Soc Sci Med. 1984 ; 18(7): 551-4.
Towards better patient drug compliance and comprehension: a challenge to medical and pharmaceutical services in Zimbabwe.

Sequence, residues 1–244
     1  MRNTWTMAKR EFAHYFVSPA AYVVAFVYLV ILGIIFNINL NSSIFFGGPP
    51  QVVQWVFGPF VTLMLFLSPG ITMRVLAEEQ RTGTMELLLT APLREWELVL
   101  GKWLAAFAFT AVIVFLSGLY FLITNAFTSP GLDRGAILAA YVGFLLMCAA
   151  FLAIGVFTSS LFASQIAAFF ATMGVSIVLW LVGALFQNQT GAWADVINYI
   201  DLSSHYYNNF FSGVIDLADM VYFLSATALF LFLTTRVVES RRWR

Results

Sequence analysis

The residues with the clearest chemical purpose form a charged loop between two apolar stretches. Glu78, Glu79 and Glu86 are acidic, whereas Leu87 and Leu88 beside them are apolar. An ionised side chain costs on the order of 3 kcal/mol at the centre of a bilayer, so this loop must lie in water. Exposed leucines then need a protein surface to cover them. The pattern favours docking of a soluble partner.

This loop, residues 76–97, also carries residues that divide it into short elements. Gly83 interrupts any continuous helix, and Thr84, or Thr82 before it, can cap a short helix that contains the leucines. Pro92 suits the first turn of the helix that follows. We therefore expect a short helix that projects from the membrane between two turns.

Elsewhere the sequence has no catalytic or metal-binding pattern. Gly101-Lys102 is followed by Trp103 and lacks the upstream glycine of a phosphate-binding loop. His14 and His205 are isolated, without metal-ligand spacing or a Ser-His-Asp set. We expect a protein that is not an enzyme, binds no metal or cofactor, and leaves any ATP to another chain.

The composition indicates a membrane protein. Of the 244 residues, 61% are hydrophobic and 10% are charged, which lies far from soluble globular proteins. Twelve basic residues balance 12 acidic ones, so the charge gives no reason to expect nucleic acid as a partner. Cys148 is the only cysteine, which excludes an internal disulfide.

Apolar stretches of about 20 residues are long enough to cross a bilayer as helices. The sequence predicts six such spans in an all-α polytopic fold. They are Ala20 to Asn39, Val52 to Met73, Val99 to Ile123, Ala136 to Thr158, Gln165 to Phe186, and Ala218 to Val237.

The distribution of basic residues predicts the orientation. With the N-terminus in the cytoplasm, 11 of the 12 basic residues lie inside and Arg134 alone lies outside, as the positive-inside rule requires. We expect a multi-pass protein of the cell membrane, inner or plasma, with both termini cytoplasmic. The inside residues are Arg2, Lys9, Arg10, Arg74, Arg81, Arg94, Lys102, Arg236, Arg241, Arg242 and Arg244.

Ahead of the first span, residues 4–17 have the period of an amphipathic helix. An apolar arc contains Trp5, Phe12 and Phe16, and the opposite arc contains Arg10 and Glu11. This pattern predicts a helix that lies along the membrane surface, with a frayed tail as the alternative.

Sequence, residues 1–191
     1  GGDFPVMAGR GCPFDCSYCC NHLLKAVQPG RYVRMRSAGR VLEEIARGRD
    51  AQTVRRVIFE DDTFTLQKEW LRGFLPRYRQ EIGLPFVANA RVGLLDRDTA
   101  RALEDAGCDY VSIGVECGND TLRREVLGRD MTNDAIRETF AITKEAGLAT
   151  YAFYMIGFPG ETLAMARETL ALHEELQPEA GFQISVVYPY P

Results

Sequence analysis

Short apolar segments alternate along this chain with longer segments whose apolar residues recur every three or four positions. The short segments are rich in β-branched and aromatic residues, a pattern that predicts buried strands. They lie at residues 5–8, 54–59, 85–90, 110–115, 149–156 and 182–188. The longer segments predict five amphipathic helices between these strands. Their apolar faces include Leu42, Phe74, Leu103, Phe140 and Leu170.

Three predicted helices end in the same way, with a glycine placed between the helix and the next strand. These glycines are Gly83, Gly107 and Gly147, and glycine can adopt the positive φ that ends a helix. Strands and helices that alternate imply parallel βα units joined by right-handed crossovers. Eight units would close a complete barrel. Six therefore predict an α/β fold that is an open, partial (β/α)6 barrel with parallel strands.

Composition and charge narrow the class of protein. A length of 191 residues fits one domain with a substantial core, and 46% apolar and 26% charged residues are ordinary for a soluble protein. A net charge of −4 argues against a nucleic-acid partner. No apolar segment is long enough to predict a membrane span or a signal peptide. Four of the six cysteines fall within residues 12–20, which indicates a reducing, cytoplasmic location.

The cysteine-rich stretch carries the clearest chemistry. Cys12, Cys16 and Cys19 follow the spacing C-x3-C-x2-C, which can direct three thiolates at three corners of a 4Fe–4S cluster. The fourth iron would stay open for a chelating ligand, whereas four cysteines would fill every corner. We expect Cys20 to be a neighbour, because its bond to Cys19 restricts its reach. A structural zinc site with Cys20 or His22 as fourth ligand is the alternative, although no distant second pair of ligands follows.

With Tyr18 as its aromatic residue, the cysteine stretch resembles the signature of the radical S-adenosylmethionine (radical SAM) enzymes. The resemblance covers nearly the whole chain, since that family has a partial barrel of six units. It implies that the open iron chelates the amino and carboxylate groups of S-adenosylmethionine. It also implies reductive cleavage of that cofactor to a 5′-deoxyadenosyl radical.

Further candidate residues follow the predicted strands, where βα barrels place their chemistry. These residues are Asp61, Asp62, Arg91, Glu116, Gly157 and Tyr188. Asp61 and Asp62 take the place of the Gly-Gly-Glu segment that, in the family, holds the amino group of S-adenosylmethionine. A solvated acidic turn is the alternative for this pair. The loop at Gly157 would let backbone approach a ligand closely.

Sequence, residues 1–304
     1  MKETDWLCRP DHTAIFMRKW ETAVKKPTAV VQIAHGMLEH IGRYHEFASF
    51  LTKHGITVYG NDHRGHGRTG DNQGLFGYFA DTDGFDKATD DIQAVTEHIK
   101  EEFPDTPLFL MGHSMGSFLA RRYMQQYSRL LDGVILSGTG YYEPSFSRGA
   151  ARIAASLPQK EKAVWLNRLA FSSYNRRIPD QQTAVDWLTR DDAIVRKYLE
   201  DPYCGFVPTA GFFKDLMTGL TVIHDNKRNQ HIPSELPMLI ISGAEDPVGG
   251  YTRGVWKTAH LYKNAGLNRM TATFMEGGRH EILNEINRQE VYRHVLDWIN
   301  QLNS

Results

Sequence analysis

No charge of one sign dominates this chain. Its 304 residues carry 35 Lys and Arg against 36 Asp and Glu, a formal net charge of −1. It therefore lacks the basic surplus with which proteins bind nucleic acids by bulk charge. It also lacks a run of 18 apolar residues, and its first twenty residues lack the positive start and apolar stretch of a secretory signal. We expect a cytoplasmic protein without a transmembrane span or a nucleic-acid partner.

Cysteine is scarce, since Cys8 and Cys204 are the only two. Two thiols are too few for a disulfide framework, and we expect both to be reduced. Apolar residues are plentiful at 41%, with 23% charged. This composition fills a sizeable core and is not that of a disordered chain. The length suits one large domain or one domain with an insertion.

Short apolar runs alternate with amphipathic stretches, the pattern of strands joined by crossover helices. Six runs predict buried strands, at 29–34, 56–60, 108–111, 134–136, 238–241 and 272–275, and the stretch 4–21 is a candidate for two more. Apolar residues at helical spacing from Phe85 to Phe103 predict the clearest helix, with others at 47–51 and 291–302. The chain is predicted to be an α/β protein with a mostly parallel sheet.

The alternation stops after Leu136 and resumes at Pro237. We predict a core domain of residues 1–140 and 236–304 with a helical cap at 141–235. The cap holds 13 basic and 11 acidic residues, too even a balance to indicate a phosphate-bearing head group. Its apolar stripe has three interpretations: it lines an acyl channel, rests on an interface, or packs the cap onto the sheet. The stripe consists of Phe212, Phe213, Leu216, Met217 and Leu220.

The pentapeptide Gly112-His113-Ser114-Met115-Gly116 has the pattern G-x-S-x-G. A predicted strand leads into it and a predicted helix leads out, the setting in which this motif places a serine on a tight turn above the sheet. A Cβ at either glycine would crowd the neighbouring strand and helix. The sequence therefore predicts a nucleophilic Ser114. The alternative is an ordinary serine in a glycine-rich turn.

Based on in-depth interviews of hypertensive and diabetic patients attending out-patient clinics at a central hospital in Zimbabwe, it was found that patients had different ideas and attitudes about the use of medicine. Well over 60% of the patients interviewed lacked comprehension of their disease and the use of the medicine prescribed to them. Some had been to a traditional healer with their problem. The findings show that medicine-taking is a highly individualistic phenomenon. Several factors, for example education attitude and belief, have to be taken into account when trying to educate the public on the use of medicines. Everyone in the medical profession, should be involved in this type of health education. The traditional healers who still enjoy a fairly high status in the Zimbabwean society could be trained and be involved in the health education programme. Health education is the foundation of good therapy and preventive medicine.